## Spring 2017, problem 48

Show that every bijective function $ f: \mathbb{Z}\rightarrow\mathbb{Z}$ can be written in the way $ f=u+v$ where $ u,v: \mathbb{Z}\rightarrow\mathbb{Z}$ are bijective functions.

### Comments

Is this trivial?

If $f(x)$ is bijective, then both $f(x) \pm 1$ are bijective. We can then decompose $f(x)$ into $f(x)=(f(x)+1)+(f(x)-1)$

This problem will be solved if we can find an $S\subseteq \mathbb Z\times \mathbb Z$ such that every row, column, and diagonal of the infinite grid $ \mathbb Z\times \mathbb Z$ contains exactly one point of $S$, where the $z^{th}$ diagonal of $\mathbb Z\times \mathbb Z$ is defined as $\{(x,y):x+y=z\}$. Supposing such an $S$ exists, then we can find bijections $u,v$ for which $f=u+v$ by letting $(u(z),v(z))$ be the unique point in $S$ on the diagonal $\{(x,y):x+y=f(z)\}$, for all $z\in \mathbb Z$.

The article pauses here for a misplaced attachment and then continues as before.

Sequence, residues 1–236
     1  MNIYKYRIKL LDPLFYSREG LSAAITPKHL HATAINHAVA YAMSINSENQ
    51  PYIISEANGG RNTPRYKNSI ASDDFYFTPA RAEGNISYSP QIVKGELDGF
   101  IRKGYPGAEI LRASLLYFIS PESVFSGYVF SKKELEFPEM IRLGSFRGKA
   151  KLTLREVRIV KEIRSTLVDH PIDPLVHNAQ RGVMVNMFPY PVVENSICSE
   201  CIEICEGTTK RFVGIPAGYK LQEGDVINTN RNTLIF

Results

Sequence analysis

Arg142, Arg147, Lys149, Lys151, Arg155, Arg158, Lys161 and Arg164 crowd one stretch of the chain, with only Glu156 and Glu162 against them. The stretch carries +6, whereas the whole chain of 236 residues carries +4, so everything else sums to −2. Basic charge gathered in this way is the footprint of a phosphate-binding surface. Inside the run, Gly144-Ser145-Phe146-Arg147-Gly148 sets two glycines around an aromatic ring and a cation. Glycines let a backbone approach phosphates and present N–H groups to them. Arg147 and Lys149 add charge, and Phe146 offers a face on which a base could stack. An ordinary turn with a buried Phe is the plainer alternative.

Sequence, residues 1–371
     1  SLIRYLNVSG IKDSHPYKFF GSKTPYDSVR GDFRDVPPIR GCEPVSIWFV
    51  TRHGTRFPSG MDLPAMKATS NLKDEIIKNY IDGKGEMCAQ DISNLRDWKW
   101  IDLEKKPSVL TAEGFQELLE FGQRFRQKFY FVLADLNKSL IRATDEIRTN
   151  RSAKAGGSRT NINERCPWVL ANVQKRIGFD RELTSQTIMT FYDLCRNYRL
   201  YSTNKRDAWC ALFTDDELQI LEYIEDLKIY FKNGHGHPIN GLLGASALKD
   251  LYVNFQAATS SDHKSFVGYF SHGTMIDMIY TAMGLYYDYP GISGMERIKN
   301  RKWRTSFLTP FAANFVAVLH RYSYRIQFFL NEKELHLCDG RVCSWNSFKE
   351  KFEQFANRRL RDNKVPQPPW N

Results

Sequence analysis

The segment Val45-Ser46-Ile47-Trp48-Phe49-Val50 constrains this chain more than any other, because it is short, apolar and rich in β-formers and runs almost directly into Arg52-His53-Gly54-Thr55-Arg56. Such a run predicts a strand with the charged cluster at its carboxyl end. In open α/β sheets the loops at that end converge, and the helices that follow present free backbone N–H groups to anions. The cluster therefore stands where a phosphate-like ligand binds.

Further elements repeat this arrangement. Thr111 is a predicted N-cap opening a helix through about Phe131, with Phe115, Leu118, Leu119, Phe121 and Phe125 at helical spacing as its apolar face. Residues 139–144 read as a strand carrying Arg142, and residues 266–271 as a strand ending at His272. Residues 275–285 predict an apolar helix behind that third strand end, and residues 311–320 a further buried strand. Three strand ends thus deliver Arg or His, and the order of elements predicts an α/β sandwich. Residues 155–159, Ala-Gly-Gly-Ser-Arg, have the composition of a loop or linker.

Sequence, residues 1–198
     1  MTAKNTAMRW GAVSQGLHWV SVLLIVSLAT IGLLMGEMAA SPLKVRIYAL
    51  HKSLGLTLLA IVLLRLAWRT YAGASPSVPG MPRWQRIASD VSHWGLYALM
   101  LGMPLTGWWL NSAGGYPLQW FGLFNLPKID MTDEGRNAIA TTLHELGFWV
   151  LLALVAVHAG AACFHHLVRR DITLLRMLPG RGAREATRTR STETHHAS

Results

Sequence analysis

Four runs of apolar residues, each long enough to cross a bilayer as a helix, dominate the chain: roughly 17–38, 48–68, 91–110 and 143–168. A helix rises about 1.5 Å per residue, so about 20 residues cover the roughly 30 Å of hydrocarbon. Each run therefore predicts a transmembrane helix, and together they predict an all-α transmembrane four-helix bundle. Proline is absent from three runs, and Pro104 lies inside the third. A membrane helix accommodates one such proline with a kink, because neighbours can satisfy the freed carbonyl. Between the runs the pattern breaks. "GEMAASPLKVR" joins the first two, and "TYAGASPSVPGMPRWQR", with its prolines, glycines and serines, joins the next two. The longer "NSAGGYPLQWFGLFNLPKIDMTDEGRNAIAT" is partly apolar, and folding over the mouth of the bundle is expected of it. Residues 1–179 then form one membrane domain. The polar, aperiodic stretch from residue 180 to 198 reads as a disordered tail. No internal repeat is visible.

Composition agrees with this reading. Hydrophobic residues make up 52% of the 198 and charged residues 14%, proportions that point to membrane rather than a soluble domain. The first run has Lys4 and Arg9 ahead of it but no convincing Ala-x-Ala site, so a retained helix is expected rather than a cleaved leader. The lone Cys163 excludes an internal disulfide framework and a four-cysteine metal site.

We will contruct $S=\{s_1,s_2,s_3,\dots\}$ one point at a time. Order the integers by $0\prec 1\prec -1\prec 2\prec -2\prec\dots$.

Suppose $s_1,\dots,s_{n-1}$ have already been determined.

If $n\equiv 1$ (mod 3):Let $z$ be the $\prec$-smallest integer such that the $z^{th}$ row of the infinite grid contains none of $\{s_1,\dots,s_{n-1}\}$. Choose $s_n$ to be any point in that row which does not share a column or diagonal with any of $\{s_1,\dots,s_{n-1}\}$.If $n\equiv 2$ (mod 3):Let $z$ be the $\prec$-smallest integer such that the $z^{th}$ column of the infinite grid contains none of $\{s_1,\dots,s_{n-1}\}$. Choose $s_n$ to be any point in that column which does not share a row or diagonal with any of $\{s_1,\dots,s_{n-1}\}$.If $n\equiv 0$ (mod 3):Let $z$ be the $\prec$-smallest integer such that the $z^{th}$ diagonal of the infinite grid contains none of $\{s_1,\dots,s_{n-1}\}$. Choose $s_n$ to be any point in that diagonal which does not share a row or column with any of $\{s_1,\dots,s_{n-1}\}$.This construction ensures that for all $n$, the points $s_1,\dots,s_n$ are all in different rows, columns and diagonals, and furthermore that every row, column and diagonal is eventually occupied for large enough $n$.